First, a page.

So you know how you can sort of measure how old you are — what generation you belong to — by the first national crisis you remember? (For me, it’s the Challenger explosion — I believe I was six at the time).
Teachers play a similar game, except we do it with our students. For example, it was a rough day for me when I realized that I am no longer teaching anybody who was alive when 9/11 happened. My students these days had not been born yet — weren’t a twinkle in their parents’ eyes, even.
Which had me thinking … well … where’s their first crisis moment coming? These things roll around generationally, so one seems due.
And it hit me. COVID is their crisis moment. It just doesn’t feel like one.
Think of your moment. It’s just that, a moment. The Challenger going up in two pillars of smoke in the atmosphere. The Twin Towers coming down. The carnage at the Boston Marathon. (Smaller scale, but still nationally covered.) Lots of souls, tragically snuffed out in an instant.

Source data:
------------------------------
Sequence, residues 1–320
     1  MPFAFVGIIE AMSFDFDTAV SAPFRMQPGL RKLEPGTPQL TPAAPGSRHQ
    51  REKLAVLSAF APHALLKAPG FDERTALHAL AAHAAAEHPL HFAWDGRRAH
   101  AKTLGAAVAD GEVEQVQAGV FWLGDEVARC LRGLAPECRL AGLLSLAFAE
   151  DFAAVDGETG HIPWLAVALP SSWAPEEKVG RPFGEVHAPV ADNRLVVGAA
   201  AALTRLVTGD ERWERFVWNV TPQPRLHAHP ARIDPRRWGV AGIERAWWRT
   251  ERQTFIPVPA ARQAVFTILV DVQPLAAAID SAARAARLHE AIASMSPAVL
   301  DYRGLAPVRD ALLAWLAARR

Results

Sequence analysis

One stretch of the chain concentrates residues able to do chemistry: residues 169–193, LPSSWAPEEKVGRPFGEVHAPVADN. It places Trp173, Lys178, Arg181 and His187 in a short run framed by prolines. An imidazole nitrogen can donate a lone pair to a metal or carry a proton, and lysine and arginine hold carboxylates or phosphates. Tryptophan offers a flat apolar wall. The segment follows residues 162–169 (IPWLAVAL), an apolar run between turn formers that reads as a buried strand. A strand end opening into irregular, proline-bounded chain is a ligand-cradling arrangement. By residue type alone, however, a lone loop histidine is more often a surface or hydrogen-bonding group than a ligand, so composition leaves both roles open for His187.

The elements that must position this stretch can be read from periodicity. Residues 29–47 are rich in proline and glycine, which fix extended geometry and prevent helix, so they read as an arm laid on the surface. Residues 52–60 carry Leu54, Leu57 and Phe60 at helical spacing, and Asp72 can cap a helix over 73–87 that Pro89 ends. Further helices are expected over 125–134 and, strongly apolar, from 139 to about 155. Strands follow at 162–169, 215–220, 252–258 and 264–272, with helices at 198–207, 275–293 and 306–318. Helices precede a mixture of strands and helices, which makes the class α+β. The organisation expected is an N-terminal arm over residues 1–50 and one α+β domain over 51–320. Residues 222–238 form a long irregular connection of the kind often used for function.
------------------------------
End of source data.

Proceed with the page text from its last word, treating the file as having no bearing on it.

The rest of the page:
With COVID, you can’t point to that moment. You don’t have that strong sense of memory burned into your brain, that piece of you that somehow always remembers I was sitting in the classroom, three rows back, when the teacher rolled the TV into the room and turned it on… Because COVID has been going for months. There is no moment.
But make no mistake. This is the moment.
Here in the ‘States we’re knocking on the door of 200,000 people dead from this thing. (Unofficial numbers are certainly staggeringly higher.)
Roughly 3,000 people died on 9/11.
COVID has given us as many deaths as sixty-six 9/11s, and it’s far from finished. Put another way, it’s giving us roughly one more 9/11 every 3-5 days.
A 9/11-level loss of life every few days.
How could COVID not be this generation’s crisis moment?
And we still have people in our country pretending it’s no big deal.
Maybe that is the real crisis moment.